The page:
At what point did you start learning vocabulary, though, and how?
It seems like adding spaced repetition and some amount of reading to what you did would make it a lot more effective. How much did the wiktionary articles help? That's mostly for etymology, right?
>This is exactly the problem with RTK - trying to remember 願 by itself, when for reading, it's a useless skill.
I think this is really closed-minded. For you it may be useless but for me it is not. Taking two months to do RTK makes vocab possible for minds like mine. Also, using your method, if you ever want to recreate it by actually writing it then you are buttfucked. You may be able to recognize the general shape of it for reading, but "recognizing the general shape" of 2000+ characters is an awful task.
I used spaced repetition for vocab since two months before I did that. Doing that only took one month and my spaced repetition retention (= reps correct / reps due) skyrocketed.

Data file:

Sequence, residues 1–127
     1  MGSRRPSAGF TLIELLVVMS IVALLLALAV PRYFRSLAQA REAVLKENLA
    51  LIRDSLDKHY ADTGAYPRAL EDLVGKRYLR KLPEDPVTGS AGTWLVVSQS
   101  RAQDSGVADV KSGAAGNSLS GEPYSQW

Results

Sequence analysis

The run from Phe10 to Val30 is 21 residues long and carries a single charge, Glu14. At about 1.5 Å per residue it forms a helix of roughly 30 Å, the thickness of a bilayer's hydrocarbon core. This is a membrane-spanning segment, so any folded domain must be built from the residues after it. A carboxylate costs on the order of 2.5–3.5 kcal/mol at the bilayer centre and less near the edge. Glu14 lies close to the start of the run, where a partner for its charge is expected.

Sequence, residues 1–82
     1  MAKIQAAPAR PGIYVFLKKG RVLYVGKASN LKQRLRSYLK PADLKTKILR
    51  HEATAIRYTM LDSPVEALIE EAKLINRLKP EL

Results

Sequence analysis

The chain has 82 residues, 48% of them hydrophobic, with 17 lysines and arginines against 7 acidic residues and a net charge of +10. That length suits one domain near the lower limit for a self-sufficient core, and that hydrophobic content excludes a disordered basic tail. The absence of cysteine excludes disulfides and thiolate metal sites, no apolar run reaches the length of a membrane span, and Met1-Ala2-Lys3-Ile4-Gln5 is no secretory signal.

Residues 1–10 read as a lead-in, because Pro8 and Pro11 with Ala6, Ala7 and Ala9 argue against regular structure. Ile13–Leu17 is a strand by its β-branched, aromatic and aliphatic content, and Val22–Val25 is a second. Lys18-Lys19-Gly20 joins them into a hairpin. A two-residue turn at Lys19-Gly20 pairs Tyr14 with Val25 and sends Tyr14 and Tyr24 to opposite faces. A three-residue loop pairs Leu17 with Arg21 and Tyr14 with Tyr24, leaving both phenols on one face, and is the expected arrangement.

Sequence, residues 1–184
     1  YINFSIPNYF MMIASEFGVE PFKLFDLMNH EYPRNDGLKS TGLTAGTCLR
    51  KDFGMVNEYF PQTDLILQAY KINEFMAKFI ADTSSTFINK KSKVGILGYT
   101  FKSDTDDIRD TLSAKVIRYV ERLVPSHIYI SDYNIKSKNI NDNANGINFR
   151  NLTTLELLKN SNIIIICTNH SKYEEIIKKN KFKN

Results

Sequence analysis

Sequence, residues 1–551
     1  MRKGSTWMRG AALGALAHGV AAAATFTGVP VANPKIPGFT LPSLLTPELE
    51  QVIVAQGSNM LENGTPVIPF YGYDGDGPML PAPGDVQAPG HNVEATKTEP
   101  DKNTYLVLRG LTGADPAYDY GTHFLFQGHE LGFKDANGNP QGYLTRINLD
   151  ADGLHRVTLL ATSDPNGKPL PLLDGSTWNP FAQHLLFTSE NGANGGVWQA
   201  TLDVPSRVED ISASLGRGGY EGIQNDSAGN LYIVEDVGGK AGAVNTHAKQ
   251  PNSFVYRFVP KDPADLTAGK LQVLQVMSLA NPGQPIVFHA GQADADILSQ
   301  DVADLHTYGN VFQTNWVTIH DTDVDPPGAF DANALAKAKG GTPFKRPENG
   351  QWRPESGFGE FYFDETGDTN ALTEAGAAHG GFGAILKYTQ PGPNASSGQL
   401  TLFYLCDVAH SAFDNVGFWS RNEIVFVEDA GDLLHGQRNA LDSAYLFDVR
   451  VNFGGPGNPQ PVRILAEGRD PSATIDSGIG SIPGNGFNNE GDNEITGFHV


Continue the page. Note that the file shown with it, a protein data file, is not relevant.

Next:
Doing spaced repetition for the characters themselves turned out to be unnecessary for my purposes because I only wanted better retention. I didn't try to memorize anything, just learn.
>How much did the wiktionary articles help? That's mostly for etymology, right?
They seemed to help quite a bit. They were my context, rather than the concepts or mnemonics you would otherwise try to memorize. Think AJATT's "massive context cloze deletion cards", except, without the weight of flashcards, spaced repetition, or misleading context weighing it down. It made my brain get used to kanji on a deep enough level to be useful.
The etymology was quite useful because I got used to seeing how the common components are used and for the ones I don't remember the information is locked away in my head somewhere waiting to be associated again.
Ok thanks for that, hopefully they are worth it for you.
I have got a few of the books that had been scanned saved on my computer(including your pic) and I would say that the audio does help, even if you listen to them just once. I try and read aloud with the voice at the same speed